- Special Reports
- Maps & Data
- Election 2014
- Dear Abby
- Games & Puzzles
- Events & Exhibits
- Food & Drink
- Arts & Music
- Movies & TV
New London — As the City Council on Wednesday took the next step toward bonding $1.1 million to bolster the city's feeble fund balance, a handful of residents voiced their discontent with the plan.
By a 4-3 vote, the council passed the second reading of an ordinance that would authorize bonding $1.1 million to replace money the city took from the fund balance when projects ran over budget.
Councilors Michael Passero, Martin T. Olsen and Michael J. Tranchida voted in opposition. The ordinance passed its first reading by the same vote on Monday, and will require a third and final vote.
But some of the residents who spoke during public comment urged the council to reconsider the plan.
"You have to treat this like it's your own money because it is your own money. You have to treat this like you're making decisions for your own family because it is your own family," said Reid Burdick, a former city councilor. "You don't bond money and indebt your kids and grandkids for 20 years because this month you're a little short on money."
On Monday, Mayor Daryl Justin Finizio announced that the city had $400,000 in the bank and would not be able to make its $1.7 million payroll this Friday. The mayor conferred with Gov. Dannel P. Malloy, who agreed to help expedite payment of $11 million in state Education Cost Sharing funds that were going to be paid April 30. That money will be transferred into the city's coffers in time to meet payroll.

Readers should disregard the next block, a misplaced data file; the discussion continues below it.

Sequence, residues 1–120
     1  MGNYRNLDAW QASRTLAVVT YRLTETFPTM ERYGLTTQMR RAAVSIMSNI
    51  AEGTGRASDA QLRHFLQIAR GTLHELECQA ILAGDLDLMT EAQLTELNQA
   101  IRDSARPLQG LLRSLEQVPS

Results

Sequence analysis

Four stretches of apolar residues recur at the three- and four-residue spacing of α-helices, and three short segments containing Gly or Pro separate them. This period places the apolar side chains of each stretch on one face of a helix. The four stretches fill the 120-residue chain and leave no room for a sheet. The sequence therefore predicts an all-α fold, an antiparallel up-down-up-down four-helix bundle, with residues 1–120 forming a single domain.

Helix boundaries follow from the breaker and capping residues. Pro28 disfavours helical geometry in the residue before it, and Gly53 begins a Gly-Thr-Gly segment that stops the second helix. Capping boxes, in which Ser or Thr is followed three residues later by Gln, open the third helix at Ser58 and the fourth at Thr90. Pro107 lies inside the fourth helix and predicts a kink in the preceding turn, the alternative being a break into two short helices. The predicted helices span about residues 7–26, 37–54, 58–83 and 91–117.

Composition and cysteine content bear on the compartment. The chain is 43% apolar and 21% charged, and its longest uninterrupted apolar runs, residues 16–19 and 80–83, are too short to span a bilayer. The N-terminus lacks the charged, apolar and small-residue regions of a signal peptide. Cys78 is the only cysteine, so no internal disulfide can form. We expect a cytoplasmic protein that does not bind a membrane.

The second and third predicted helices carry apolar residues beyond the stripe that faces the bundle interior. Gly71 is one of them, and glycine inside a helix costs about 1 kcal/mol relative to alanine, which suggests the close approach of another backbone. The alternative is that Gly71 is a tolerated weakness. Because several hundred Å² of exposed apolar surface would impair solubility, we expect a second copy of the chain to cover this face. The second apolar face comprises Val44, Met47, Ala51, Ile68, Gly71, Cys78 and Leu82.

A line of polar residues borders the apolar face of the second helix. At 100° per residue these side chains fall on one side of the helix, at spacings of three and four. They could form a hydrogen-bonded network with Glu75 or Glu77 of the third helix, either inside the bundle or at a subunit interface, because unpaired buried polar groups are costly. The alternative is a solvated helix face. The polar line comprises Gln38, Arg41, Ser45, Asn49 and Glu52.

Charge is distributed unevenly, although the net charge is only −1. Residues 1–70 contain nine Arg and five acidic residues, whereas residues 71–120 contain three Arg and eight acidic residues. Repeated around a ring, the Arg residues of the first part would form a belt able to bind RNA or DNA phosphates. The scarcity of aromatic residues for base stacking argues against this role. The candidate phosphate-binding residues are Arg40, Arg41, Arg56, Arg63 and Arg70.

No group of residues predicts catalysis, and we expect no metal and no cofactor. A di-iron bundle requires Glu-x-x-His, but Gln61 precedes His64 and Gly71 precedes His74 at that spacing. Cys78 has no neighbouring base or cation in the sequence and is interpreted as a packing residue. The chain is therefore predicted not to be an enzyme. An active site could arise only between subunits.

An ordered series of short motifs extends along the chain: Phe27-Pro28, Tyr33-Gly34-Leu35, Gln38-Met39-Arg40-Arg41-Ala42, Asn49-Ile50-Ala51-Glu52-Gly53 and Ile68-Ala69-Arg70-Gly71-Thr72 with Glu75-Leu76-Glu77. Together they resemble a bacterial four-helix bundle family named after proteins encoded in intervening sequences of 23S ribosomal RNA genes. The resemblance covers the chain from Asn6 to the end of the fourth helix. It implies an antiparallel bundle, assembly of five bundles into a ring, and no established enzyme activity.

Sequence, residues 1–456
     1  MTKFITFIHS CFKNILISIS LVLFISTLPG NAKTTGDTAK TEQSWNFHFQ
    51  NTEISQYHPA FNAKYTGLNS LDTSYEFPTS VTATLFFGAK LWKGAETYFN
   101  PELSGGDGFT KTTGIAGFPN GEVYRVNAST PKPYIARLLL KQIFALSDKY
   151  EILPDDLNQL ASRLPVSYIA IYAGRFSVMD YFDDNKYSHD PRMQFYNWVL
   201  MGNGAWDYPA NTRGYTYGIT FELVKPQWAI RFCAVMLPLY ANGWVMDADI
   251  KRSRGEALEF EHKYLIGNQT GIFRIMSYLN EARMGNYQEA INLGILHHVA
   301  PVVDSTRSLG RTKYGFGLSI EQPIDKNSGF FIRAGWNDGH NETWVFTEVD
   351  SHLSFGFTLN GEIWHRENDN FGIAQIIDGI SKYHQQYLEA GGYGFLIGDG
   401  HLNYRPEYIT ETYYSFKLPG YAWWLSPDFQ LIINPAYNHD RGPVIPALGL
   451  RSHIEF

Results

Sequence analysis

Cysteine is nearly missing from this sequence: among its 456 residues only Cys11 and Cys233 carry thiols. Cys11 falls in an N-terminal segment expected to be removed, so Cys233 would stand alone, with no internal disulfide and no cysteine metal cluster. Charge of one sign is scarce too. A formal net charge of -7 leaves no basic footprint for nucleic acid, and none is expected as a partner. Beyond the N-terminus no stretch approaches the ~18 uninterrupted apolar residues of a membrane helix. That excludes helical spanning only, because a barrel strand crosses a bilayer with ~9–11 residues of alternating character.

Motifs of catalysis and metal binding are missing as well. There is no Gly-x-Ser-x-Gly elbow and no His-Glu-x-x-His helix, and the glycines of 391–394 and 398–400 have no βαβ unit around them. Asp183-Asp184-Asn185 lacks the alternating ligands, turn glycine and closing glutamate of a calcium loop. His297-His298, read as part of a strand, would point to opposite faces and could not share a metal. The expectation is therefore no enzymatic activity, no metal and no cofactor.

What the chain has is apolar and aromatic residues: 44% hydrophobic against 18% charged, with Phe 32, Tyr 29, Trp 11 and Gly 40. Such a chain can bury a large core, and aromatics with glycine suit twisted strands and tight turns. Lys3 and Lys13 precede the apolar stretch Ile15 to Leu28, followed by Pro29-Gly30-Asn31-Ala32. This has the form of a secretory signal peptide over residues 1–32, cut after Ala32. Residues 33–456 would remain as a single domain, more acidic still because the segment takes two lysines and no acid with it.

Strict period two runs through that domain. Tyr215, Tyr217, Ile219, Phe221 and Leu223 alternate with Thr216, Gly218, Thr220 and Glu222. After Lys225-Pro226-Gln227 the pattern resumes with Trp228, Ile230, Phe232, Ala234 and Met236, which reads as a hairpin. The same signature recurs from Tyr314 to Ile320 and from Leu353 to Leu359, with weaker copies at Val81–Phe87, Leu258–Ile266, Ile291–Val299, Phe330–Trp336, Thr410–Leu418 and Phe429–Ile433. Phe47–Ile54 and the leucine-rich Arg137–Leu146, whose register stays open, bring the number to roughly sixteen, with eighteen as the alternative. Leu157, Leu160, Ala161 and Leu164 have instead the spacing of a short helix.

Laura Natusch, Finizio's chief administrative officer, said she understands the objections to borrowing for operating expenses.
"It's not a good idea to buy groceries on credit. On the other hand, if you don't have a lot of cash on hand, you'd borrow to repair a roof," Natusch said. "Essentially, in the past, the city used its grocery money on roof repairs, and now the refrigerator is empty."
Earlier this month, the City Council sanctioned the bonding of $4.4 million to account for state grant funding the city has never collected, and to pay for vehicle purchases made last year that were originally going to be paid from the general fund.
In addition to bonding the $1.1 million the council is considering now, the fund balance replacement plan the mayor and the finance director have proposed consists of two additional steps, both of which were approved by the council Monday.
The council adopted resolutions that require it to budget at least $250,000 in each upcoming fiscal year for fund balance replacement and mandates that proceeds from the sale of city-owned real estate must go into the fund balance.
Also, the council's Finance Committee requested that Finance Director Jeff Smith present it with revised budget proposals for the 2014-15 fiscal year. Finizio had proposed a budget that includes a 7.24 percent increase. The Finance Committee asked that Smith give them budgets that would represent increases of 2.5 and 5 percent.
Councilors Wade A. Hyslop, Erica Richardson and Passero - who comprise the Finance Committee - indicated a desire to reduce the number of new personnel positions that would be funded in the budget for the police and public works departments.
The Finance Committee will meet again Monday to review Smith's revised budgets and is expected to make a recommendation to pass the budget to the full council.